“Learn how to write short; learn how to write analytically,” he told them. “There is power in a one-page memo. You want your stuff to be read.”

Brady reinforced Parasiliti’s advice, once again drawing on experience. “During the Carter administration, Harold Brown was secretary of defense. We would write five-page memos and he would read them,” she adds. “Then, under Reagan, Caspar Weinberger was secretary of defense and he made it very clear that he was not going to spend his time in the office reading memos. You adjust your style to suit the operating style of the people you are working with.”

In addition to the need for flexibility, what does Brady want her students to take from the course?

“I hope my students will learn that negotiating skills can be taught,” she says. “And that they will leave the course prepared to be active and informed participants in foreign policy debates.”

Visual: Brady and Andrew Parasiliti, U.S. director of the International Institute for Strategic Studies, at a class last week.

A Science Olympiad

022410Feature2_OlympiadThe air at UNCG was filled with mechanical birds and rockets carrying eggs when 39 teams from area middle and high schools converged on UNCG for the regional competition of the N.C. Science Olympiad on Saturday, Feb. 20.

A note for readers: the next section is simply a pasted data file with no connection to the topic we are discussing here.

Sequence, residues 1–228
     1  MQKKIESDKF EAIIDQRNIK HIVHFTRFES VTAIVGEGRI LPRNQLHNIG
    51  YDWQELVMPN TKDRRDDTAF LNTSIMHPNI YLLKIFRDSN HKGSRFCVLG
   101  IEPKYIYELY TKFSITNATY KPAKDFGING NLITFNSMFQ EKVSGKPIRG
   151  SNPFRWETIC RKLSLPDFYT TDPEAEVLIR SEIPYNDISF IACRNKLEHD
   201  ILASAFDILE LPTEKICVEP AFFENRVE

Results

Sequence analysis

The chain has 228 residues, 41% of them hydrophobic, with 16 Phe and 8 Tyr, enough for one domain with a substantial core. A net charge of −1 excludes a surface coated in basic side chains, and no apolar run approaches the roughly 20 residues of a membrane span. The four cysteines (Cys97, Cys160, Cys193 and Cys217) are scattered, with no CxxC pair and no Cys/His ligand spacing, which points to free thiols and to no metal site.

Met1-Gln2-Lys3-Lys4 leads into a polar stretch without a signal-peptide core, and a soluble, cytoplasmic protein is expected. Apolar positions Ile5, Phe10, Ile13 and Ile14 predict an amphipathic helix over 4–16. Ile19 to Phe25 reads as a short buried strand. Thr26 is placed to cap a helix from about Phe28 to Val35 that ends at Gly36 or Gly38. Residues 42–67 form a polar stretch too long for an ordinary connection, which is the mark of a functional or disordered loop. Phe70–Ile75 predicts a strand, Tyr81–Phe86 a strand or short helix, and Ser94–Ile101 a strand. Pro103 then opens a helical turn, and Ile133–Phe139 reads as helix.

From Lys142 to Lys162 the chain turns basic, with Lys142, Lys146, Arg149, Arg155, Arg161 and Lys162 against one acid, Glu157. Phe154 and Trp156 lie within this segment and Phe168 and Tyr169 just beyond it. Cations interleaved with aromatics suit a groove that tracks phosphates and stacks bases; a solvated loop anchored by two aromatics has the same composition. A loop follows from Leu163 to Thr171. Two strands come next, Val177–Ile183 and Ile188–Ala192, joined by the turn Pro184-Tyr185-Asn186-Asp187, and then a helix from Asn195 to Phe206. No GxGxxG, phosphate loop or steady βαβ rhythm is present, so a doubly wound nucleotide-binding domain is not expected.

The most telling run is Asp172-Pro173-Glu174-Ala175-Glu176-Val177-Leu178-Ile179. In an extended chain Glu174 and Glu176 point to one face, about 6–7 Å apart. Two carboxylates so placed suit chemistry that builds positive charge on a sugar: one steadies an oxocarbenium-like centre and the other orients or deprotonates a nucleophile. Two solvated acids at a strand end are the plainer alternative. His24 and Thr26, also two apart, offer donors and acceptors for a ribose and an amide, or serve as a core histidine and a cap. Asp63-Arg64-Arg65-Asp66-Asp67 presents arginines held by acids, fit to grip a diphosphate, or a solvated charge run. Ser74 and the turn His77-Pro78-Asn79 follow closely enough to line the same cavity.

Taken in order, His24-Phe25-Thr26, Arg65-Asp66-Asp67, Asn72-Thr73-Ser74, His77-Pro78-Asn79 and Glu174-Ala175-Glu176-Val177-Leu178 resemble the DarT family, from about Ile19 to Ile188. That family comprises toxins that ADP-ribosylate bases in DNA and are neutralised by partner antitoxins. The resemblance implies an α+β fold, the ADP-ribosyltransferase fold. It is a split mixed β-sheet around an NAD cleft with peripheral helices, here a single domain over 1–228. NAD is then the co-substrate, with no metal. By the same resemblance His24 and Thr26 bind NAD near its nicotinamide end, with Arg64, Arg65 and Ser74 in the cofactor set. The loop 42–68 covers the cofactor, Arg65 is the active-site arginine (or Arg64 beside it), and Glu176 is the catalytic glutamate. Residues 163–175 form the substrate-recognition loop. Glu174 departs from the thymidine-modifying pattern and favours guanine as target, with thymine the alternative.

The competition took place beginning at 9 a.m. at a variety of locations across campus. Organizers hosted roughly 600 students, parents and teachers from Alamance, Caswell, Chatham, Davidson, Forsyth, Guilford, Orange, Person, Randolph, Rockingham and Stokes counties.

The dozens of events included building bridges with only wood and glue, launching projectiles for accuracy, constructing mousetrap-powered vehicles, and analyzing “crime scenes.” Detailed information about the the featured events can be viewed here.

“The Science Olympiad provides students who have an interest in science an opportunity to compete and to receive recognition of their achievements,” said Dr. Robert Muir, professor emeritus of physics and astronomy, beforehand. “It’s a nice counterpoint to athletic competition and recognition.”

The events challenged students to creatively apply their knowledge of biology, chemistry, physics, engineering, technology, and earth/environmental science. The middle and high school students defended their work while interacting with professors, educators, research scientists and college students.

Dr. Meg Horton (Biology) was asked afterward about the Olympiad. “For me, one of the best parts of Science Olympiad is getting together with so many collegues from different Departments across campus – we have volunteers from Georgraphy, Physics, Chemistry and Biology. We also have volunteers at all levels – undergrads, grad students, lecturers, tenured faculty and lab managers.” She also mentioned community volunteers, such as engineers from General Dynamics. She added, “Watching the kids having fun doing science is such a thrill that our volunteers return year after year. We even have a former student volunteer, Amanda Herlacher, who is now a teacher and returns to help out as an event leader.”